Having worked as an evaluator for an accrediting institution, my task basically consisted of testing samples from different clients and issuing safety certificates once the samples check out negative of any possible harmful substances. The ethical issue emerged during one assignment involving a client which was a purified water servicing company owned by a Ms. H. After I filled my initial findings to my boss Mr. G. , he asked me to disregard the results of my work and issue a safety certificate anyway.
Although the samples submitted to me by Ms. H’s company for testing were not excessively toxic, it contained some anomalous substances which made me submit a negative report denying the client of a safety certificate. Mr. G. wanted me to redo the report, and issue a safety certificate despite my findings. Although the substances found in the water samples were not directly toxic and the water was still basically potable, my professional oath made it unethical for me to report findings that the samples were absolutely clean.
Also, it was against my oath to issue a safety certificate knowing that the sample falls below the standards that the company I worked for claimed to have. Mr. G. was my boss so I had responsibilities to uphold as a subordinate but these responsibilities conflicted with my ethical responsibilities to my profession. I had the power to issue the safety certificate, but I believed that professional ethics dictated that I was not authorized to do so. My boss had the power to tell me what to do, and to threaten to fire me if I did not comply, but he did not have the authority to issue the certificate on his own.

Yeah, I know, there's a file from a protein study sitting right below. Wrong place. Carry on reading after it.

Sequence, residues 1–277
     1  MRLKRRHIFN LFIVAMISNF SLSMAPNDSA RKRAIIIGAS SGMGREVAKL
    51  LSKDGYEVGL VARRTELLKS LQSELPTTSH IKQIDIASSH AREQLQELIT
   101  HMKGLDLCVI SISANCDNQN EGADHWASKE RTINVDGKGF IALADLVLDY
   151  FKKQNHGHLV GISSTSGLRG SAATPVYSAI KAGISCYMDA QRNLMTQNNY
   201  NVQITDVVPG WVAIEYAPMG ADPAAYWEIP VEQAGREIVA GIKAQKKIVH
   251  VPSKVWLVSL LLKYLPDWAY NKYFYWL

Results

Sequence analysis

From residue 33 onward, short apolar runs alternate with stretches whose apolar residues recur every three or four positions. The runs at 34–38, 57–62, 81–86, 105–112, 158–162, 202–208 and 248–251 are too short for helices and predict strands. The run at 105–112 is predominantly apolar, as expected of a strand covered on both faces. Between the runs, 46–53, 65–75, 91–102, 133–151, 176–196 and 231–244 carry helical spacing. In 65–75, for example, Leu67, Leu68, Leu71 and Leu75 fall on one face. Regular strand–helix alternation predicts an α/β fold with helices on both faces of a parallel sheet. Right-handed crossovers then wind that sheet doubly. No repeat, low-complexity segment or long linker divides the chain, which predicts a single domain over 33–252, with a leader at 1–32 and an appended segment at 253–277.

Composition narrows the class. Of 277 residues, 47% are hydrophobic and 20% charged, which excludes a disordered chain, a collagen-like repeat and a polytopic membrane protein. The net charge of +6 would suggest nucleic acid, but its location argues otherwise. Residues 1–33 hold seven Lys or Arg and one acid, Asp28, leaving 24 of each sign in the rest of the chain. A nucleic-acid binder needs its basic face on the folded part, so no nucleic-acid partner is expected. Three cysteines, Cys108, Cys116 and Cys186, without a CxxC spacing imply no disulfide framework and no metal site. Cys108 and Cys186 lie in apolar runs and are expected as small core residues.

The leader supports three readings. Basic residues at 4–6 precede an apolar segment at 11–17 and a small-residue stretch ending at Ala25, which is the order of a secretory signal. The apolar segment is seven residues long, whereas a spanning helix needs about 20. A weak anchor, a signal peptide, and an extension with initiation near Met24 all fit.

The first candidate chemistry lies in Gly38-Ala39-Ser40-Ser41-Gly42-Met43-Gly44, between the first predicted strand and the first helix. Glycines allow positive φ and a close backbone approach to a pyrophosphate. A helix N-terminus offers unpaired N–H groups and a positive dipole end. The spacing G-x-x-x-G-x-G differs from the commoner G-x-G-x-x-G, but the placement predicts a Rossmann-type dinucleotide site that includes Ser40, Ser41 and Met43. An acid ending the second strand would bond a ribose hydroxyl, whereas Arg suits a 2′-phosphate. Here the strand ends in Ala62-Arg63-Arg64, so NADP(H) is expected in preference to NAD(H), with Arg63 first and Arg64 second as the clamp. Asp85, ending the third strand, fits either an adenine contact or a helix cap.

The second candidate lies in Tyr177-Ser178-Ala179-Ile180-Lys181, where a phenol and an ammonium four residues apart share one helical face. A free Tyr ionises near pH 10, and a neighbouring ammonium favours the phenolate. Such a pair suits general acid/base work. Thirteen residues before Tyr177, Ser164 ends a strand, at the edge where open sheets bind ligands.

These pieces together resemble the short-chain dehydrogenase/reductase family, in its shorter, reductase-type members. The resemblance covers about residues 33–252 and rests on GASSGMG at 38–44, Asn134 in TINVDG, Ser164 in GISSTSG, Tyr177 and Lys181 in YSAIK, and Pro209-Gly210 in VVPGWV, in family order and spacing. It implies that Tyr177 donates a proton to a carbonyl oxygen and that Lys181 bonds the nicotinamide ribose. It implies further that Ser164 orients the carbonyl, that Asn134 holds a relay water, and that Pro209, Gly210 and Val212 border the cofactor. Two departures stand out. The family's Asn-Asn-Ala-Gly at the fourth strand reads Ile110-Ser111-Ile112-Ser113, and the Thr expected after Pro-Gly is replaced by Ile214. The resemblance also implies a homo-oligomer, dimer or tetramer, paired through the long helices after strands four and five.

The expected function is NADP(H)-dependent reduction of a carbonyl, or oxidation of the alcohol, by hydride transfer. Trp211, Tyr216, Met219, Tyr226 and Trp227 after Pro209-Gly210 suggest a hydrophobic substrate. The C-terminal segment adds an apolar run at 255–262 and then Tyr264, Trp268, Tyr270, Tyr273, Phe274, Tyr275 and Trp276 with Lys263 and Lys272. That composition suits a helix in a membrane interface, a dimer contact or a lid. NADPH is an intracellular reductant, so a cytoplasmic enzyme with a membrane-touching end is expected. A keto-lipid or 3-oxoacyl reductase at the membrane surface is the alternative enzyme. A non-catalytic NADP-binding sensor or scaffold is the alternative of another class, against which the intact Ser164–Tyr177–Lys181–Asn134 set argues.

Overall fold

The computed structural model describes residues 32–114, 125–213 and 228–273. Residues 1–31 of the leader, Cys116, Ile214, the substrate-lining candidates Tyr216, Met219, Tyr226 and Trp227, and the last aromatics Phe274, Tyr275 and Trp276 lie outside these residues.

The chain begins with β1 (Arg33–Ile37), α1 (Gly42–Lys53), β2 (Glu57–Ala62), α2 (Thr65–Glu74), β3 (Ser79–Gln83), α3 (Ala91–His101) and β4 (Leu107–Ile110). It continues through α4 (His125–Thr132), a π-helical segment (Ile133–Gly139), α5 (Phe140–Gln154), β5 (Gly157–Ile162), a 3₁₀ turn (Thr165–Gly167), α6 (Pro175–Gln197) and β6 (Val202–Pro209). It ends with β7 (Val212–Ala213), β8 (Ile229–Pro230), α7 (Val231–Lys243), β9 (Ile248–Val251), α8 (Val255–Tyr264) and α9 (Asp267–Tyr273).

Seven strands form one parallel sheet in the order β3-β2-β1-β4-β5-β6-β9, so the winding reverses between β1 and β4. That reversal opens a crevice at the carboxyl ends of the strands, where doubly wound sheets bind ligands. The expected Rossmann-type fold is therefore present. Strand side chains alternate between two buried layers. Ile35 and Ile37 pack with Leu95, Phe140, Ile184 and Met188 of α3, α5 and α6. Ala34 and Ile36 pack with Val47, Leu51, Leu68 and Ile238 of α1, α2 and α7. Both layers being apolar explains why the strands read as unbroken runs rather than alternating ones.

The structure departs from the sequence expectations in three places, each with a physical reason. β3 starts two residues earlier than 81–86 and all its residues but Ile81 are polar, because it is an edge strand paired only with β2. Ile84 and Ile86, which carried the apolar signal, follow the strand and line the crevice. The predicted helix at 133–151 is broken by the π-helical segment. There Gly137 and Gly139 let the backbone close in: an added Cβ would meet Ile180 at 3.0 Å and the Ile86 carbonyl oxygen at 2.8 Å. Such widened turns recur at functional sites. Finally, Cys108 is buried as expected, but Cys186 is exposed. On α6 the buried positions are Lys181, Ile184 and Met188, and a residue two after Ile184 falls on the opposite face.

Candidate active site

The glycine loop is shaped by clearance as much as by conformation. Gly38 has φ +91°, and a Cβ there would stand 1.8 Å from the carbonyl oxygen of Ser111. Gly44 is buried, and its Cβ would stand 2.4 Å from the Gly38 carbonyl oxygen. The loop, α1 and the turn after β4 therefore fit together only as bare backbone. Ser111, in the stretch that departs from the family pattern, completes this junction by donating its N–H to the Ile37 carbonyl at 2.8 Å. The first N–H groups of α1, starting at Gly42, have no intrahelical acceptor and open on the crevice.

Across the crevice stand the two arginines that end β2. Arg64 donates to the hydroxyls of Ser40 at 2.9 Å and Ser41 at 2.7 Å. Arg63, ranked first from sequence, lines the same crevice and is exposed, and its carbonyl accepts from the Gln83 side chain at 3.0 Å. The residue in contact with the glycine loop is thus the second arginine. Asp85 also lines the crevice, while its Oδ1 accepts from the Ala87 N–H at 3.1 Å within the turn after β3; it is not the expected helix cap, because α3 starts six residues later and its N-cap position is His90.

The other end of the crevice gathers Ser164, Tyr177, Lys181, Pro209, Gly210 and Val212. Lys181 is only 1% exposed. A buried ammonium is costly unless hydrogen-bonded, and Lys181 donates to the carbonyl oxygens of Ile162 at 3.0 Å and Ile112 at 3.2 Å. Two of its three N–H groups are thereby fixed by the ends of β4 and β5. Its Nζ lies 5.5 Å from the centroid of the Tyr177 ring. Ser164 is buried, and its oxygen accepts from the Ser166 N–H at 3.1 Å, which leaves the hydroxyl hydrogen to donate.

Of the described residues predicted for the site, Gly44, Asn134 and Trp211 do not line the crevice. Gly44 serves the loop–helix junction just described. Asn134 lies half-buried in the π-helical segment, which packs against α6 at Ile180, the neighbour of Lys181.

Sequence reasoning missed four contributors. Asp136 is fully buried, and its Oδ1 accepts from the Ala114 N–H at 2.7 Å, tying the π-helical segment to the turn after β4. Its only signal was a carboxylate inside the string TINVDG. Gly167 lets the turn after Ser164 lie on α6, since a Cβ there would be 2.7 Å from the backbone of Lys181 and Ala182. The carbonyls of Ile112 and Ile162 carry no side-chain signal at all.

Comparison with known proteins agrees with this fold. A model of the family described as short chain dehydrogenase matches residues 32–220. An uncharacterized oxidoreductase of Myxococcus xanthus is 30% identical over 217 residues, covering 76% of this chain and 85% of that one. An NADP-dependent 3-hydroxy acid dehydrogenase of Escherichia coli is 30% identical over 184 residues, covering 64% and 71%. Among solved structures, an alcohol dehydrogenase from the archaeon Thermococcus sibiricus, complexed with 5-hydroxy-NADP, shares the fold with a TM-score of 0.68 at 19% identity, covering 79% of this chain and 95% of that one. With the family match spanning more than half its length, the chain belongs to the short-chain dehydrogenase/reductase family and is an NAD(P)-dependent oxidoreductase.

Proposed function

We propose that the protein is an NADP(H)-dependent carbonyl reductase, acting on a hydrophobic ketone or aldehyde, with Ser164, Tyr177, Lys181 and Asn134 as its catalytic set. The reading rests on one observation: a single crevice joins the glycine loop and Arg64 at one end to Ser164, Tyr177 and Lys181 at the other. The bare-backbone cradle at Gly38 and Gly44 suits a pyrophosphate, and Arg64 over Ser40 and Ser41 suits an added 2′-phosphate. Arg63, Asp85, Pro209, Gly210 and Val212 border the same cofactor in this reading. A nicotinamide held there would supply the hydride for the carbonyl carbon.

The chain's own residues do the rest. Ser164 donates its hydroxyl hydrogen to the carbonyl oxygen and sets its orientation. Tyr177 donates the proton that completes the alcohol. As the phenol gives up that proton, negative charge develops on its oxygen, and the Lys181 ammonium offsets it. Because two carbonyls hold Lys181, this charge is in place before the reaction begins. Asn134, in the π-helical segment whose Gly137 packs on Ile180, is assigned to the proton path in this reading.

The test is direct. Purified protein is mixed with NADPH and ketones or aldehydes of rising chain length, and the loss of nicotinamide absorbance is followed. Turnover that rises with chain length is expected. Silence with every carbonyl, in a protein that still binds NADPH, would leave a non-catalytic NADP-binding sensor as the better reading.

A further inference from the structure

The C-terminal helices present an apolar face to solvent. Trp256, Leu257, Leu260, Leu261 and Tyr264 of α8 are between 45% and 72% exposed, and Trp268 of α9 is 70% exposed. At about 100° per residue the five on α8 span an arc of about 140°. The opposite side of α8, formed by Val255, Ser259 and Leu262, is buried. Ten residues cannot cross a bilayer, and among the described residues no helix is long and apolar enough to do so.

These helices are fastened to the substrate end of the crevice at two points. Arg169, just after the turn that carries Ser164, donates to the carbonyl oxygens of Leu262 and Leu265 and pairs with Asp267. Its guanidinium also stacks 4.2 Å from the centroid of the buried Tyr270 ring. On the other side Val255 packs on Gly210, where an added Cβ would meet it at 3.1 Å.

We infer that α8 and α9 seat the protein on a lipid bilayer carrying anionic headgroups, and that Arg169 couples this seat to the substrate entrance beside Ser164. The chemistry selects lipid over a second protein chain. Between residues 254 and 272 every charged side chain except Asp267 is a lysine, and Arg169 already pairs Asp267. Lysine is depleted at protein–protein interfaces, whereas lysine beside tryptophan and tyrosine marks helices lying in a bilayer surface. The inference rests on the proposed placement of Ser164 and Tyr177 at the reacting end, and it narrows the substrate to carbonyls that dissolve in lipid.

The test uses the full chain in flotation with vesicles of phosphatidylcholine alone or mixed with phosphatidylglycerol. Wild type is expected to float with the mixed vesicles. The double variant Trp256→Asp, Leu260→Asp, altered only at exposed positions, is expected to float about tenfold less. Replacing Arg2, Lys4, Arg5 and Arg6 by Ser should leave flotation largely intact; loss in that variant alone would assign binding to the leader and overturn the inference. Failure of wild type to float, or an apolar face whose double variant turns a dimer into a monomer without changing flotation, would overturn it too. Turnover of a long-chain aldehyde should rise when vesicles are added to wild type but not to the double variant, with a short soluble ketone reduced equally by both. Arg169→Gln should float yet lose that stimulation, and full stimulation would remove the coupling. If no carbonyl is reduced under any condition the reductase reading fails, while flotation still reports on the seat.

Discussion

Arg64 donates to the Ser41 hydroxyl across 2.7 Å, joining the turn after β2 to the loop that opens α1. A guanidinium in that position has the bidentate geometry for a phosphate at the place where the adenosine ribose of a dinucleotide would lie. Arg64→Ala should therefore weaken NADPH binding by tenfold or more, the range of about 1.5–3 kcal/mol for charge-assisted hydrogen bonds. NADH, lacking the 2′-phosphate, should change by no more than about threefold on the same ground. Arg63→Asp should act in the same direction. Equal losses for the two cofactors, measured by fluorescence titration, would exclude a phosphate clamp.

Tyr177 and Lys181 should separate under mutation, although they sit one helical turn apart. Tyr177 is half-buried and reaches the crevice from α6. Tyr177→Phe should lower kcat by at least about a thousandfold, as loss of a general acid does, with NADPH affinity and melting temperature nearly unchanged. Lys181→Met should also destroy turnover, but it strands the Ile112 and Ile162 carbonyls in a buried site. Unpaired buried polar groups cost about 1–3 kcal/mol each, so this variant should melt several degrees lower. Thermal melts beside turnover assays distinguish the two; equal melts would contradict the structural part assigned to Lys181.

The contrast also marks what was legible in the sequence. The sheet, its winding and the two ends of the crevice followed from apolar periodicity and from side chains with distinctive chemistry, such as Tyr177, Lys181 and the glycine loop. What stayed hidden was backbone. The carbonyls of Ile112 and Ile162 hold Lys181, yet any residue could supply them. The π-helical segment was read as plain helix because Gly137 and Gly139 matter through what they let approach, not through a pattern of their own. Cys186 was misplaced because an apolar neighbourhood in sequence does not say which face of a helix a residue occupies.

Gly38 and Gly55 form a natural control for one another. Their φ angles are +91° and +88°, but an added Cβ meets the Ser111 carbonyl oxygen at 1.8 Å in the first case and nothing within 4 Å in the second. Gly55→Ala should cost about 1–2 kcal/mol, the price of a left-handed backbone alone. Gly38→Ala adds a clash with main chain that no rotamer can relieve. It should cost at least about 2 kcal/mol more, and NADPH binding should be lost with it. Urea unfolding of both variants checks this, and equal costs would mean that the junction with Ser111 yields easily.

This meant that he relied on his power over me as his employee to tap the authority to authorize safety certificates. However his power over me was limited only so far as his authority over me extended, the full extent of which was with respect to my keeping or losing my job. The ethics in question was professional, whether or not I was to put more premium in keeping my job over being completely true to my oath. I was concerned not only about my oath, but also about my reputation as a professional.
On the other hand, I was also concerned about my job and the financial implications of getting fired. There were also values of reputation to be considered in leaving my work, as my boss has a lot of connections and I feared being blacklisted if I went against him. It seemed that my courses of action were simplified into two; either I quit my job or do what my boss says. If I quit my job, my boss would probably just find some other person to do his dirty work so Ms. H. ’s safety certificate will still be issued.
If I kept it, it is very likely that the water being serviced by Mrs. H. ’s company would have no harmful effects, but in the case that it did or if some other people found out what I had done, I would be placed in a very delicate and potentially legally detrimental situation. I decided to quit my job. As expected, Mr. G. ’s company continued to exist and still does up to this time. However, Mrs. H. ’s certificate was never issued, as I have not seen her water servicing stations operational.
Of course it’s entirely possible that Mr. G. simply advised her to switch her company’s name and apply for a certificate again. Looking back in that point of my life and relating it to what I’ve learned since then, I know that I have made the right choice. I have learned that even without the risk of being discredited in my profession, my professional oath is a sacred trust to which I am bound (Rogers, 2003). My responsibilities lie not only towards my employers, but even more so towards all the stakeholders in my work.